Indie game developer Matthew Cox has accused social game maker King of copying his game Scamperghost, and also for having double standards in attempting to trademark the word “candy”, as he believes the studio was trying to capitalize on the success of Pac-Man by releasing the game Pac-Avoid.
In a post on his website, Cox has side-by-side screenshots to illustrate the similarities of Scamperghost and King’s Pac-Avoid. Cox states on his website that in 2009, himself and fellow developer Nick Bray were in talks about licensing their flash game Scamperghost. The deal fell through when Cox and Bray decided to go with MaxGames.com instead. Shortly after King launched their game, Pac-Avoid.
Cox has also posted emails that were sent between himself and King representative Lars Jörnow. In an email from February 2010, Jörnow explains that after the Scamperghost deal fell through, King decided to sponsor a similar game. “We’re sorry our deal didn’t turn out with you guys,” the email reads, in part. “You made out with more money and we were left without an avoider game that we had already planned on. We needed an avoider game and sponsored a similar game.”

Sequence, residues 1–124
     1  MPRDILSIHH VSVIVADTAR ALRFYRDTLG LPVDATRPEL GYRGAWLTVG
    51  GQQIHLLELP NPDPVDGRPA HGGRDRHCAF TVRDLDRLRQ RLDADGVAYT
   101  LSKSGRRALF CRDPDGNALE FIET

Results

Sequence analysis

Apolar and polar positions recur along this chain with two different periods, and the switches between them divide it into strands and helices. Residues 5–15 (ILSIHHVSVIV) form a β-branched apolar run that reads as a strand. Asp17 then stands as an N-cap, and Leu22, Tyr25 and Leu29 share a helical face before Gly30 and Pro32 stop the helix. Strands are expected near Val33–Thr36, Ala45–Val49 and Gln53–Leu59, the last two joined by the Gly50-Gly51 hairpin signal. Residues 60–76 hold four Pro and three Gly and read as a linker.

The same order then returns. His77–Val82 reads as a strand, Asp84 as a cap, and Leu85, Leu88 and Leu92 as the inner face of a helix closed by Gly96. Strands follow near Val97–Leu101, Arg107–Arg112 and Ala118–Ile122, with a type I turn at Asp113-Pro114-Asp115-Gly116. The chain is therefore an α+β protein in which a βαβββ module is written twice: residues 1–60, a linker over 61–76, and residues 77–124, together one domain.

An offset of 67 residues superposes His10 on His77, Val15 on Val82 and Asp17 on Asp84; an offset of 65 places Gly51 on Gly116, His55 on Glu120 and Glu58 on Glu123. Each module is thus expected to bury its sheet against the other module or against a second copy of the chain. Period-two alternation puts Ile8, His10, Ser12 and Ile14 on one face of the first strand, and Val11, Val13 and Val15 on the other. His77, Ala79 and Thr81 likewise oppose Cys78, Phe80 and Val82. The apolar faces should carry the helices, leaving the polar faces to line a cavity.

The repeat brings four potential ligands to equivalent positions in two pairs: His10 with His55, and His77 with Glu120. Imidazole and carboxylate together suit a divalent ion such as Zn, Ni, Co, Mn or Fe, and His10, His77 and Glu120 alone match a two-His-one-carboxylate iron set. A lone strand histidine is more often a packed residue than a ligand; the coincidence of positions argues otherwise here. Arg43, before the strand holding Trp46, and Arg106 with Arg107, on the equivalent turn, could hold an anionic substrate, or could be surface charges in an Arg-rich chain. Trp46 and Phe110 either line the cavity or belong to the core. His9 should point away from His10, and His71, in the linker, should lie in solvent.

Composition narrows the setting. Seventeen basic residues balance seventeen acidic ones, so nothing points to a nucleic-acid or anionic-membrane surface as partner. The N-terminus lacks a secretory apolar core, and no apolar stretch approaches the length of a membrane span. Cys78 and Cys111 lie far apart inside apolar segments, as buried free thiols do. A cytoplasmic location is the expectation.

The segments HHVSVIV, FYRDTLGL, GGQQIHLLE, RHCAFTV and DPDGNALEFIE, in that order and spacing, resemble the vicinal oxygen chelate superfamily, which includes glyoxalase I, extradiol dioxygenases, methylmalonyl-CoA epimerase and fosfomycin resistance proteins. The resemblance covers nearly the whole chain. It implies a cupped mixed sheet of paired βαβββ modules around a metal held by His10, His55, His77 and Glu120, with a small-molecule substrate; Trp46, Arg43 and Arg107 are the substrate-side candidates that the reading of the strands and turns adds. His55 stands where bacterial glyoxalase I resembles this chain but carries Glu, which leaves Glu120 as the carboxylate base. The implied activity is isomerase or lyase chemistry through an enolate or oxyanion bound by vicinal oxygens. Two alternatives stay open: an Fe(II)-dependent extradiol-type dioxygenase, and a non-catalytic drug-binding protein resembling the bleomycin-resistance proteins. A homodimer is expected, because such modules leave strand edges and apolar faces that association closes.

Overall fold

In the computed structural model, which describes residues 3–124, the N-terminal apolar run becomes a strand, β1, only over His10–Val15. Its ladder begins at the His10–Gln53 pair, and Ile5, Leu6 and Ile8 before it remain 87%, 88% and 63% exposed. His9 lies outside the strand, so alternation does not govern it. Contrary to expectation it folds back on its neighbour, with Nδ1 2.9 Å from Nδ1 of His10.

Cox also shared an email that was sent from Matt Porter, developer from the now-defunct studio EpicShadow, who was commissioned by King to make Pac-Avoid. Porter apologizes for cloning Cox’s game and states that Jörnow came to his indie team and tole them to “clone the game very quickly, and even wanted to beat the release of the original game.”
“When I saw Pac-Avoid, I was shocked that such a big company would retaliate against a couple of small indie developers like us,” Cox told Polygon, in part. “I suspect Laws Jörnow, our contact with King, took personal offense to our backing out of negotiations to go with MaxGames.com, who outbid King on the contract.”
Cox also explained to Polygon that he is bringing this issue back up now because he believes it to be relevant to King’s recent trademark for the word “candy”. “It has become relevant again because King.com is trademarking the word ‘candy’ and is using their trademark to go after smaller competing developers,” Cox continued. “Remember, not only did they blatantly copy Scamperghost with their game Pac-Avoid, but they actually used ‘Pac,’ which by their trademark definition would violate Namco’s trademark for Pac-Man. Their double-standard is why this is relevant now.”
“Copying our game isn’t the issue,” he said. “King.com using their massive financial/legal power to limit the innovations of smaller developers by ‘Trademark Trolling’ is the problem here.”